The Encyclopedia Americana (1920)/Ça ira

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ÇA IRA, sä ē-rạ, a popular song of the great French Revolution. The origin and date of this song are both uncertain, and there are various versions of the words claiming to be original. The words are generally supposed to have been written by Ladre, a street singer, and the melody was originally a popular carillon by Bécourt, and a favorite air of Marie Antoinette. In all probability it dates from May or June 1790. French writers say that Benjamin Franklin, in speaking of the American Revolution, frequently used the expression “Ça ira” (“it will succeed”). The French republicans caught up the phrase, and “consecrated” it to their own revolution in a popular hymn. The refrain of one version runs thus: —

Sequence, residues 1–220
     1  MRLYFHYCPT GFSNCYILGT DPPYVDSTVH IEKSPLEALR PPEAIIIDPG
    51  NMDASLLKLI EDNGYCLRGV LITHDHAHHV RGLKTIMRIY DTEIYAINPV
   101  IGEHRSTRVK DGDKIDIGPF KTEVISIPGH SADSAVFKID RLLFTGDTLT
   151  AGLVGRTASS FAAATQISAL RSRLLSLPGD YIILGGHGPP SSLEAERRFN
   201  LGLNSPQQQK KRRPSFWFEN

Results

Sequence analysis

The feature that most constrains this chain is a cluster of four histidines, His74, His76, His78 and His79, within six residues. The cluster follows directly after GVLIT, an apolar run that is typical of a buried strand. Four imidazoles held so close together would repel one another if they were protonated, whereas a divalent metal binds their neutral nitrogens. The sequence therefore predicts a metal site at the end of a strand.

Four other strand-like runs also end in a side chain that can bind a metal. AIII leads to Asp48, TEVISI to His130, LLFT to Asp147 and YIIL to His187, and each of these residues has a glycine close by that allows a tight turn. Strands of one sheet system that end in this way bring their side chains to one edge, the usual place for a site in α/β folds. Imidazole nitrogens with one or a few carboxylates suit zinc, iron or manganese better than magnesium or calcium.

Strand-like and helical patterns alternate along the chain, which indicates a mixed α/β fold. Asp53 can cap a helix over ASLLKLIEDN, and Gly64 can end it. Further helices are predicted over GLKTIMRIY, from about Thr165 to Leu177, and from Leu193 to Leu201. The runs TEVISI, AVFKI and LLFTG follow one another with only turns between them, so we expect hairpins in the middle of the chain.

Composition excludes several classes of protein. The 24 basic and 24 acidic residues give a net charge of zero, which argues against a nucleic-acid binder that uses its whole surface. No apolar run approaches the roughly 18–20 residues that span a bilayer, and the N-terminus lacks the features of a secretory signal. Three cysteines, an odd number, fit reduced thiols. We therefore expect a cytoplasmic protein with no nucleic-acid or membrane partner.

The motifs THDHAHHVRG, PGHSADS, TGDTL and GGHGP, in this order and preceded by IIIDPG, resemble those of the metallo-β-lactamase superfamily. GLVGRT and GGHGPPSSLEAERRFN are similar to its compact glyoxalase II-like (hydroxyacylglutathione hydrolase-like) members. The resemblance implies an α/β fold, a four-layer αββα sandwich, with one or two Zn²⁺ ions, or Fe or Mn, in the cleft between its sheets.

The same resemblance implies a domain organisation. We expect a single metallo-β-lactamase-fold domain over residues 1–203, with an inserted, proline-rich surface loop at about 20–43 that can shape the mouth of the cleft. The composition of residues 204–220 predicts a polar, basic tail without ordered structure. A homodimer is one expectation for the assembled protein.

Ah! ça ira, ça ira, ça ira,
En dépit d' l'aristocrat et d' la pluie,
Ah! ça ira, etc.
Nous nous mouillerons, mais ça finira.”

referring to the rain which fell during the taking of the Bastile. In 1797 the song was banned by the Directory.